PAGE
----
Integrating 21st-Century Skills into Curriculum

Deepika Sharma

Principal, Grand Columbus International School, Faridabad

Living in an intense, volatile, uncertain and complexed world where performance is equal to power, the path set out for teachers is extremely ambiguous and challenging. Hence, the need to move from subject-centric learning to skilling. India has the world’s highest youth population, with 50% of the population below the age of 25 years. With such a large number of youngsters competing for limited jobs, the move in the direction of “what interests me” and “rising above one’s peer” is crucial.

Another aspect which determines success is personal orientation. It is imperative to move from score-centric system to individualised learning. So, the institutions must focus on 21st-century competency skills, which include sound decision-making, a positive attitude, accountability, flexibility, inter/intra-personal communication, prioritisation, critical thinking, and creativity. The Indian education system till date evaluates students on the 3 Rs: reading, writing, and arithmetic. India produces the largest numbers of engineers in the world, but only about 19% of them are employable. The reasons for this picture could be many, but the reality is that they do not promise a ‘career’. As Tony Wagner puts it- the world does not really care about what you know, rather all its cares are what you can do with what you know. Therefore, apart from 3 R’s, students must be trained in a new skill set.

21st Century requires learners to think and innovate, be independent in thought and mind. This will help them reflect on their environment and come up solutions. There is a need to form new processes, come up ideas which will bring in progress and the localised solutions will benefit the country. Curious and thinking members of the community will have more and better answers. Our education system needs to encourage personalised engagement with the subjects.

Collaboration or team-based environment, where one thinks, a team goal produces best results. It helps in adapting to cultural and regional diversity effectively. There is a need to have more acceptance and confidence to meet challenges and deadlines. The Indian education system has very little to enlighten on the collaboration. It’s more about competition with others instead of getting ahead of oneself. More sports and team-building drills should be made part of the curriculum.

Communication plays an imperative role in success. With millions of students moving to colleges from schools and workplace every year, to be a cut above the rest lies with the youngsters with adequate oral and written communication skills. There is a need to ensure our institutions impart articulation and expression of thoughts and do away with cramming. A world where initiatives are noted and well-received, practical communication skills help in nurturing leaders in every field. Educators are increasingly getting behind idea-organise learning and recognise achievement based on student’s set of competency skills.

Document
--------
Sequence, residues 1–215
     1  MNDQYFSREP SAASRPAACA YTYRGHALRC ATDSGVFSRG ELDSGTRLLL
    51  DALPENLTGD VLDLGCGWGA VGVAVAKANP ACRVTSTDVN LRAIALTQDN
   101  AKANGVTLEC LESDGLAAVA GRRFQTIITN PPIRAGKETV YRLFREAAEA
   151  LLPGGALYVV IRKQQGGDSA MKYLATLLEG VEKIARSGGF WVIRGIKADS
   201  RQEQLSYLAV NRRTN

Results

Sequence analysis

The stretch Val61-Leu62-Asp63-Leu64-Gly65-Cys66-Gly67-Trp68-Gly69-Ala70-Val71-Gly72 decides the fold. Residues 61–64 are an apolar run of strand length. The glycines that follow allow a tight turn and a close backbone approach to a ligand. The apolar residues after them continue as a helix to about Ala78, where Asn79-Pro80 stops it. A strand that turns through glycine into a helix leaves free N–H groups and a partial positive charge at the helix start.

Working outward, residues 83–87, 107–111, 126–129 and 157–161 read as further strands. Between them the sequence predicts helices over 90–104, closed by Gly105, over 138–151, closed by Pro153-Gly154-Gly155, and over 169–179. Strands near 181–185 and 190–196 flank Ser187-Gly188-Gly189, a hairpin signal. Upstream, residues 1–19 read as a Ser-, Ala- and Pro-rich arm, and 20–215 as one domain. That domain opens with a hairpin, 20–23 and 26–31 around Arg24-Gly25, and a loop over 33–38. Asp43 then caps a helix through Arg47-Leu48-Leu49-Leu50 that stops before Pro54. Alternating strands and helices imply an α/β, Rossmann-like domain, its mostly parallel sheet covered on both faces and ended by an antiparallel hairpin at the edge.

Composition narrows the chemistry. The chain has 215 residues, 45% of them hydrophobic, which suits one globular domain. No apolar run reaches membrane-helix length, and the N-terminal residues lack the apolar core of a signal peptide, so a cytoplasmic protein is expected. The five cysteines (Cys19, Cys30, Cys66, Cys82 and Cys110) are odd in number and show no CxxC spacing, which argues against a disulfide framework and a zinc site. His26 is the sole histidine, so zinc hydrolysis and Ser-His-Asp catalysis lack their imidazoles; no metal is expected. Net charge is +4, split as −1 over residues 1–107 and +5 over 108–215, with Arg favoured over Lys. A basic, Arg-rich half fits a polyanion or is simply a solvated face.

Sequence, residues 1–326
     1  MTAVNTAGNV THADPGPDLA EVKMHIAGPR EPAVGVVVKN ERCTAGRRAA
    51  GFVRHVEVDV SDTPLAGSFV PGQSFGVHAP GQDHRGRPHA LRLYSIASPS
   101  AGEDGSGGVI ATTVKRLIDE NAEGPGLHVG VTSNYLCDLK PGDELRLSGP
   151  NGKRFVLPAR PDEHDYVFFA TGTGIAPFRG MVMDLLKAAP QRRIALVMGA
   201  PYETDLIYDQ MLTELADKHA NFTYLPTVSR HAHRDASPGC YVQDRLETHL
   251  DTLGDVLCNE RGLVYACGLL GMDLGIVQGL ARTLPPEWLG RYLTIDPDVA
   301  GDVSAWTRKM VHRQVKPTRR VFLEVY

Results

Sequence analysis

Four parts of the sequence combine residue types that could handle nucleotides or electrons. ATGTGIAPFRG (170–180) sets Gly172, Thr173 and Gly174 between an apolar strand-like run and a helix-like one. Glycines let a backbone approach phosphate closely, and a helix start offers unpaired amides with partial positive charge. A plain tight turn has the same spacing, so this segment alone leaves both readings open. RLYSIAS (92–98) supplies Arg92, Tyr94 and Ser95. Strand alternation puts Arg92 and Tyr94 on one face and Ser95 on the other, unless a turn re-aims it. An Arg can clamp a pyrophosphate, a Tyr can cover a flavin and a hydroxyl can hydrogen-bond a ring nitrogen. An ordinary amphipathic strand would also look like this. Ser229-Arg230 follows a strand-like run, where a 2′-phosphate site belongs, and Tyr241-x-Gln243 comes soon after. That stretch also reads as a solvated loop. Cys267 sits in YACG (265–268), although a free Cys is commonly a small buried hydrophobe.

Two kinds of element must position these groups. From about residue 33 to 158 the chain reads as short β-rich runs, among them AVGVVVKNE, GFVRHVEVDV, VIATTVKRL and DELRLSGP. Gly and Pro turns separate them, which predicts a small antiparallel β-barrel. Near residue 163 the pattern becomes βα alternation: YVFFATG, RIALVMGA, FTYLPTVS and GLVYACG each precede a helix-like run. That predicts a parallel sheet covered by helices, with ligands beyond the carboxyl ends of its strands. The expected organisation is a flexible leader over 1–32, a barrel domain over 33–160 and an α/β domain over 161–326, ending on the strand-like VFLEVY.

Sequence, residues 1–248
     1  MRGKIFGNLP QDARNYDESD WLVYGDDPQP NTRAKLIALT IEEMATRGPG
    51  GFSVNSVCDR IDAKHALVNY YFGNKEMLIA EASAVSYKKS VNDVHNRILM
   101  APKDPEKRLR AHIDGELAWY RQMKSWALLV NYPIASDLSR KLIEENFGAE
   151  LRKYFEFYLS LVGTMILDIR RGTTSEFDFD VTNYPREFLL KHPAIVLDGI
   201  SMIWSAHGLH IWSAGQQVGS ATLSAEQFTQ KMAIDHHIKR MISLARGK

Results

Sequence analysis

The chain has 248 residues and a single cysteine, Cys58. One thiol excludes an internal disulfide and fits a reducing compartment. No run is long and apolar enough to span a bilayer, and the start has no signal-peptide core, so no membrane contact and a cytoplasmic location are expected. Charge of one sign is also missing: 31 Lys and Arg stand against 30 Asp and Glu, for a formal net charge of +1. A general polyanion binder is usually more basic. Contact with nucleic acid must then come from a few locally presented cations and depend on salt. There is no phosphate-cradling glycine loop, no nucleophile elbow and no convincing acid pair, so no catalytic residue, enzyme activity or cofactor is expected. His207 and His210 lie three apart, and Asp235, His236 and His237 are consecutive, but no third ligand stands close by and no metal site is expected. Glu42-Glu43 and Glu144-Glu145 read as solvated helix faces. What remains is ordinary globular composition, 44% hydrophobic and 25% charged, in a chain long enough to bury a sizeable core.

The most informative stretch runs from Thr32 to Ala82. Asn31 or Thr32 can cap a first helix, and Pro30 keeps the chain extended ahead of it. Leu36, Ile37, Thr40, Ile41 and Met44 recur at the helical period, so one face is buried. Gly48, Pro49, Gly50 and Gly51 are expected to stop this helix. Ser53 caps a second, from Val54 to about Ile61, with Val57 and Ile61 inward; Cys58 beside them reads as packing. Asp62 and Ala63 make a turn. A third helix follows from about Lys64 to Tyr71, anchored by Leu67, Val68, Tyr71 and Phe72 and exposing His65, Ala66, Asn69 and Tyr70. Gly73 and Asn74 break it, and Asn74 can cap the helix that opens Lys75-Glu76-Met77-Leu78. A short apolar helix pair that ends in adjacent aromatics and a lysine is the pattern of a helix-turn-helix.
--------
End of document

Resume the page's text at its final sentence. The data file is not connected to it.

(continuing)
While Indian Schooling is still traditional in approach, Information Technology is an inseparable and indispensable part of education now. All the learners must be IT savvy, and there is a need to increase the use of digital devices in schools. Teaching techniques across schools and colleges need a revamp which should be primarily driven by practical assignment and project learning. Online learning tools help students to learn better and more efficiently. Teaching should not be limited to chalk and board. Project-based learning helps in boosting creative thinking among students, and innovative teaching methodologies should be implemented.

A new skill set based on competencies is the need of the day. Schools have a significant role to play in ensuring that the learners are future-ready to take on a world which is beyond books, classrooms and institutions. Learners will be benefitted if the 21st Century competencies are integrated into the school curriculum. The way lies in taking an experimental approach that encourages many more prototypes to emerge, linked together by a structured evaluation framework that builds evidence for what works. Small scale initiatives could well take the right turn. We need more creators and developing human capital is the responsibility of the education system. A good thinking education initiative can be the catalyst for that change.

Deepika Sharma

Principal, Grand Columbus International School, Faridabad